would not go on record as standing
againa wtar when the welfare of the
country demanded that we fight The
address waa well received.
ENJOY BIG TIMB SUNDAY.
Members of the Crawford clan and
friends to the nuiflber of 43 enjoyed
a sort of family reunion and general
good time on Sunday at the residence
of V. Crawford in this city. Child
ren of Mrs. E. N. Crawford and of
Vawter Crawford were present, with
great grandchildren and grandchild
ren, and the Tamilies were quite well
represented. A dinner was spread
in the dining room at the Christian
church where the entire company of
AA were seated to a swell repast the
little folks at a table of their own,
and the grown-ups at another. The
afternoon was spent in the enjoy
ment of music, both instrumental
and vocal, and a few hours of good
The families represented were Mrs.
E. N. Crawford, Vawter Crawford.
0. G. Crawford, F. S. Parker, J. O.
Turner, Le Roy Jones, Raymond Fer
guson, Frank Turner, Max Wilson,
Gay M. Anderson, and the Misses
Luola Benge and Mary Patterson.
There were a number of absent ones,
who are scattered abroad and had they
all been present the company would
have been about doubled. Group
pictures were taken, also a picture
representing four generations, con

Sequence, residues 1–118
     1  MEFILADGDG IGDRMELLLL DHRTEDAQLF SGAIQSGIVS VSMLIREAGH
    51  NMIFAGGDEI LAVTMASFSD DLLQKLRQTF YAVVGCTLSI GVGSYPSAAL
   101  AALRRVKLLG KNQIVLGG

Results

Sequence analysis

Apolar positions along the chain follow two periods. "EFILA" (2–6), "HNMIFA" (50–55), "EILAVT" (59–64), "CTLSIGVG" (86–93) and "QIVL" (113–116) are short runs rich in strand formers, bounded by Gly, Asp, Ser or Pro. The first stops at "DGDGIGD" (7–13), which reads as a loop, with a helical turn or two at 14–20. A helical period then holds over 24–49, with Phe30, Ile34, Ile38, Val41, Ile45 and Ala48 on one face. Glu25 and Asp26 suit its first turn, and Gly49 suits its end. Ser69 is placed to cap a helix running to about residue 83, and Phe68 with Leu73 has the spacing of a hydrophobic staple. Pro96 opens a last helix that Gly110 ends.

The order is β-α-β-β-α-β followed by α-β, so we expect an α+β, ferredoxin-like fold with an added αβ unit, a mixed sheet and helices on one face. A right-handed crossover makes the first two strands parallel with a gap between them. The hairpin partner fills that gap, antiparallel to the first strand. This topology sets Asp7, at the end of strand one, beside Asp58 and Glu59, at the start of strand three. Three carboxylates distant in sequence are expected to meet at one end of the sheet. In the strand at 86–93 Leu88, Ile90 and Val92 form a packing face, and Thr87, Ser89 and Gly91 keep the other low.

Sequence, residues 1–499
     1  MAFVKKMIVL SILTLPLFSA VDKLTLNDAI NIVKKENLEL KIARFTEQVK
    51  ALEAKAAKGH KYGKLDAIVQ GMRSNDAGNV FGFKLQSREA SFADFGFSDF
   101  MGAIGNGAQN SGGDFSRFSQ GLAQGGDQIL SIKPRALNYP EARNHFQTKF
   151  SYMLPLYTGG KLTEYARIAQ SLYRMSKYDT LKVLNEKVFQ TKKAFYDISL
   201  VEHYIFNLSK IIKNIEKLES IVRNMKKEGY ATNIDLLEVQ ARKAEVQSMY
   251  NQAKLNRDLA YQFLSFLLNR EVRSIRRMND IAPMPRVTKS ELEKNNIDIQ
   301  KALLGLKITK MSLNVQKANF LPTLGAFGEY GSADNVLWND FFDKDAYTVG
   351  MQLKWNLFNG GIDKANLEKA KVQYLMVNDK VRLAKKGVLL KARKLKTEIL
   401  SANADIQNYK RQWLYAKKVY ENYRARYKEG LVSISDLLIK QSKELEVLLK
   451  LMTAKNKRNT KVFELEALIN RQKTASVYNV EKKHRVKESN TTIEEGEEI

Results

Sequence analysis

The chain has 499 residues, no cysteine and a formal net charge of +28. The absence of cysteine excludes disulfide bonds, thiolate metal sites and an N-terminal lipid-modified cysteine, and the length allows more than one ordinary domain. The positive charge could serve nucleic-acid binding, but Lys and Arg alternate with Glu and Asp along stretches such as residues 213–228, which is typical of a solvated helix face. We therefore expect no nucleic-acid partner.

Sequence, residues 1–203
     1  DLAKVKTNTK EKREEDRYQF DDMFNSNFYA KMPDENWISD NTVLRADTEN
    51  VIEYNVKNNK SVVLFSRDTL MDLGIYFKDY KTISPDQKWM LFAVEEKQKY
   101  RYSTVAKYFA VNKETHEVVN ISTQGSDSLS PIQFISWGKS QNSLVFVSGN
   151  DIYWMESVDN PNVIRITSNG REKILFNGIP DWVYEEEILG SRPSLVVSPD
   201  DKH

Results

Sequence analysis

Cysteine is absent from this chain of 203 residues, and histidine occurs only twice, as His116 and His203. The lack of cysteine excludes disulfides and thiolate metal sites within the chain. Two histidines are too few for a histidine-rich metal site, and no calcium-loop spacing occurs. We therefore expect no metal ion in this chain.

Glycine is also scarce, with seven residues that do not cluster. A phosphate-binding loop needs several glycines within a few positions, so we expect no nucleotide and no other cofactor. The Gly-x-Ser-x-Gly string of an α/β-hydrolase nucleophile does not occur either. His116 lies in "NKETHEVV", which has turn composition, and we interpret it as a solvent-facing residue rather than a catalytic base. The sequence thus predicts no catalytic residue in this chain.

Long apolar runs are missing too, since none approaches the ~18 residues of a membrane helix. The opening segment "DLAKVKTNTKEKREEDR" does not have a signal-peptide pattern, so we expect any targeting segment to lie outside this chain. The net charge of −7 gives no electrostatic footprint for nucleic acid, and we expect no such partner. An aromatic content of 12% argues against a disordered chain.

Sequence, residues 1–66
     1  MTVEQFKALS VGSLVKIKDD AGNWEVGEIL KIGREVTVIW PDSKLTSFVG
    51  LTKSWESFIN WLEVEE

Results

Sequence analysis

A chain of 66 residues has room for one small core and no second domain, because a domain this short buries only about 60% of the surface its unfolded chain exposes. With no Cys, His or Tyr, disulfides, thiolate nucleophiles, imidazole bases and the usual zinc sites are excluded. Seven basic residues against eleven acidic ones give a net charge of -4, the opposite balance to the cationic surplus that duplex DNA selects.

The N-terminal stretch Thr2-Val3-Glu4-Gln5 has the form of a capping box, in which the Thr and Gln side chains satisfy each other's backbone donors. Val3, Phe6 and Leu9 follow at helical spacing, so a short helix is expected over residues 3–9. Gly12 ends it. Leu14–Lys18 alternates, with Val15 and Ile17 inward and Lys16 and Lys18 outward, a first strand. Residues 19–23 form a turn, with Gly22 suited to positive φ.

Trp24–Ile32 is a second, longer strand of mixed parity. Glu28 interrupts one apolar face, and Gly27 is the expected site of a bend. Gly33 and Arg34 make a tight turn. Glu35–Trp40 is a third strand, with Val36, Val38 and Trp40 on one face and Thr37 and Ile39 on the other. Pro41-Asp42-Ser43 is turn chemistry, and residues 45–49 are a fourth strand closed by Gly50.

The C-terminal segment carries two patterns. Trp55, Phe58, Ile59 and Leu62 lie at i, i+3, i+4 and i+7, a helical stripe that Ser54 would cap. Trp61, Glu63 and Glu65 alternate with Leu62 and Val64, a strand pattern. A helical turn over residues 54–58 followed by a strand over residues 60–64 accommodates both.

sisting of Mother Crawford, her son
Vawter, his son Spencer and his son
Calvin, one of the latest additions
to the family.
LOCAL NEWS ITEMS.
Tilman Hogue, Gooseberry resident
was doing business here Tuesday.
Woman wants housework in town
or cooking on ranch. If answer be
fore Sunday, call Willow Creek Saw
A chance to buy a prize cake for
your Sunday dinner.
Help the Junior girls with their
Miss Lucy Butler was a guest for
a few days at the home of Mr. and
Mrs. C. W. McNamer in this city. She
returned to her home at Stevenson,
Wash., where she is telephone opera
tor. The social club of Ruth Chapter No.
32, O. E. S.. met at Masonic hall on
Saturday afternoon, with Mrs. Paul
Gemmell and Mrs. Earl Gordon as
hostesses. Twenty-five ladies were
present and were entertained at
bridge. First prize was awarded to